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Making all the difference (Vetaffairs Spring 2019)

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A man and a woman holding up a handmade quilt showing the crest of the RAAF, silhouettes of fighter jets, images of Leo Davies, and more.

Aussie Hero Quilts CEO Jan-Maree Ball presenting a quilt to outgoing Chief of Air Force, Air Marshal Leo Davies AO CSC.

At first glance, it’s hard to see why a quilt, let alone a laundry bag, would mean all that much to someone. But if you’re deployed overseas, away from loved ones for several months, or if you’re ill or wounded or grieving, a quilt or laundry bag that has been made specifically for you by a community of volunteers back in Australia can mean the world.

Aussie Hero Quilts has been making personalised quilts and laundry bags for serving Australian Defence Force (ADF) personnel since its chief executive officer, Jan-Maree Ball, founded the organisation in 2012. Since then, its volunteers have made 11,000 quilts and 22,000 laundry bags. Almost every quilt or bag is personalised with something of significance to the person receiving it, such as their name, the crest of their unit, images of their loved ones, hobbies or passions.

When you’re on deployment and most of the gear around you is the same as everyone else’s, this can be very reaffirming and comforting.

‘Our quilts and laundry bags are a connection to home,’ says Mrs Ball. ‘They’re gifts that say thank you for your service and the sacrifice that you have made to be apart from your loved ones. Our quilts do not have to be works of art, but all are works of the heart.’

Aussie Hero Quilts focuses on quilts and laundry bags because both items are of practical use. The quilts come in handy if you’re in, say, Afghanistan where it can get down to minus 25 in winter. Distinctive laundry bags are useful to ADF personnel because the ones they are issued with are identical to everyone else’s and can be hard to spot when they have to be picked up in a hurry.

Personnel can request their own quilts and how they want them to be personalised, or it can be done by their loved ones. Sometimes commanders or chaplains organise them for their units.

Some people have received these items when their morale is at rock bottom. These include ADF personnel and veterans in hospital going through painful surgery who feel very alone and isolated. When word gets through to Mrs Ball that someone is in that position, she will make absolutely sure that they receive a quilt, and possibly a care package or more. The effect this has can sometimes be transformative.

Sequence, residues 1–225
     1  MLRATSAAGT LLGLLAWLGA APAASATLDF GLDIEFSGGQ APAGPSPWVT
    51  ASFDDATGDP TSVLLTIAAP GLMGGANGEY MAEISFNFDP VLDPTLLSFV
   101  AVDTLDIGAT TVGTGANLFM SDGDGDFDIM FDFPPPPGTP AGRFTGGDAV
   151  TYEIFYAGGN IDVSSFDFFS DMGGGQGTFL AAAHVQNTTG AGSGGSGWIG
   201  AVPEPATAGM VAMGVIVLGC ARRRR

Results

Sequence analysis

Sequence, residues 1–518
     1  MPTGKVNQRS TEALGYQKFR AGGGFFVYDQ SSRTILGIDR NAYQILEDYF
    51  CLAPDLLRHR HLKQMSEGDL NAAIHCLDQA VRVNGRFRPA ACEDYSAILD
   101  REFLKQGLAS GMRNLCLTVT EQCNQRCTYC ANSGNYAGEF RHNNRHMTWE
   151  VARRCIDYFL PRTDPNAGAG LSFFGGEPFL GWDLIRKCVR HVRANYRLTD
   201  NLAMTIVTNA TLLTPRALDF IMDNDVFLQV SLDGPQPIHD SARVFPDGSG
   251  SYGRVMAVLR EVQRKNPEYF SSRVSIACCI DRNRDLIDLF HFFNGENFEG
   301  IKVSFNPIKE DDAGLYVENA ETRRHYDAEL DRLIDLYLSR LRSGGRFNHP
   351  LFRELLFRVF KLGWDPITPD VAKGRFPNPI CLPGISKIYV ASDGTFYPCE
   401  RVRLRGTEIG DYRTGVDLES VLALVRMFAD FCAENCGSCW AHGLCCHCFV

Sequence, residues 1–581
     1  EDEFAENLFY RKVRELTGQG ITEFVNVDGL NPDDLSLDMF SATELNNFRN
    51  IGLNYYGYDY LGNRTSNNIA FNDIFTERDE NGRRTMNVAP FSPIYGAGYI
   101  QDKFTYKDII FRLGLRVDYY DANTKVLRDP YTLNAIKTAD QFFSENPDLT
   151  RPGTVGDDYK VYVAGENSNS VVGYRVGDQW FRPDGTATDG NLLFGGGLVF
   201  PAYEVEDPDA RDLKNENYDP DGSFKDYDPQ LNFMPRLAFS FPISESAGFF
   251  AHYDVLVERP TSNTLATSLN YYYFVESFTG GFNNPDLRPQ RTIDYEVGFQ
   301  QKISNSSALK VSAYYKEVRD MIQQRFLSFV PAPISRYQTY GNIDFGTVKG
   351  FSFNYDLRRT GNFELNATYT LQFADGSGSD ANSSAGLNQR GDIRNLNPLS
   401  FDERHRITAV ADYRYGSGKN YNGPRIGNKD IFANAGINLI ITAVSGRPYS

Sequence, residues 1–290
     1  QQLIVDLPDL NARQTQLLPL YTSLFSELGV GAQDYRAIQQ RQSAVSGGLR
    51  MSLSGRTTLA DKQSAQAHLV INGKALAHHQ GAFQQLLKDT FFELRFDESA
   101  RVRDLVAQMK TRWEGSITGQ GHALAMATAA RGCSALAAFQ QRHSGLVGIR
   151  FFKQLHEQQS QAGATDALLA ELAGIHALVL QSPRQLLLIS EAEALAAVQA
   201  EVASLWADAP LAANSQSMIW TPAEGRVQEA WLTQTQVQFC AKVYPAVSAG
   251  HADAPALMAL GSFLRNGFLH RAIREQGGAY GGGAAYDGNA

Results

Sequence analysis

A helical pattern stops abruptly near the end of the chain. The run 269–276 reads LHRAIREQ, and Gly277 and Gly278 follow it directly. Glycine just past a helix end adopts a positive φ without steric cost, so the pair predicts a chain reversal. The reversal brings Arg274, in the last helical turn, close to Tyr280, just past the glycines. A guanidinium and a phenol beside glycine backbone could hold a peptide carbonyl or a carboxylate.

One veteran received his quilt while he was in a mental health ward. The quilt arrived two days before he planned to take his own life. Receiving his quilt and the hand-written letter led him to cancel his plans.

Mrs Ball is a veteran herself, having served in the RAAF and Navy for 15 years. She had the idea for Aussie Hero Quilts when she discovered that an Australian soldier wounded in Afghanistan had received an American quilt while recuperating in a hospital in Germany.

‘I was deeply touched by the generosity of the Americans but was ashamed that there was nothing from his own country for him,’ she says.

She was conscious too of the way some Vietnam veterans had been treated when they returned from Australia and wanted to do what she could to make sure contemporary veterans were acknowledged. She’s also organised quilts for Vietnam veterans, one of whom said it was the first time he’d been acknowledged for what he did in 50 years.

Mrs Ball works at least six days a week running Aussie Hero Quilts, so barely has time to work on quilts herself anymore. Instead, she coordinates anywhere between 150 and 250 volunteers from across the country. They include partners and friends of serving members, Vietnam veterans, serving and ex-serving ADF members as well as people who have no connection with the armed forces. The oldest volunteer she’s had was 101, the youngest were in kindergarten. They have varying skill levels – she’s keen to keep the operation inclusive – and she’s always looking for more help.

‘My unofficial motto has been “whatever we can do today is more than was being done before”,’ Mrs Ball says. ‘I would love to offer quilts to everyone who deploys. We’ve only recently expanded to look after patrol boats. But I have to keep it within what I’m capable of.’

On Australia Day 2016, she was awarded the Medal of the Order of Australia – an experience she found ‘absolutely overwhelming’.

‘We are incredibly privileged to be making these quilts that become treasured family heirlooms. I’m really blessed. Not everyone gets to do what they’re passionate about and know that without a doubt it is appreciated and makes a difference.’

If you want to volunteer or would like to request a quilt or laundry bag for someone, go to the Aussie Hero Quilts Facebook Page, or the Aussie Hero Quilts website. Any individual, company or organisation willing to sponsor Aussie Hero Quilts should contact Mrs Ball via email

Read more about Jan-Maree Ball and her experience in and transitioning from the ADF on the Our Veterans webpage of the DVA website.

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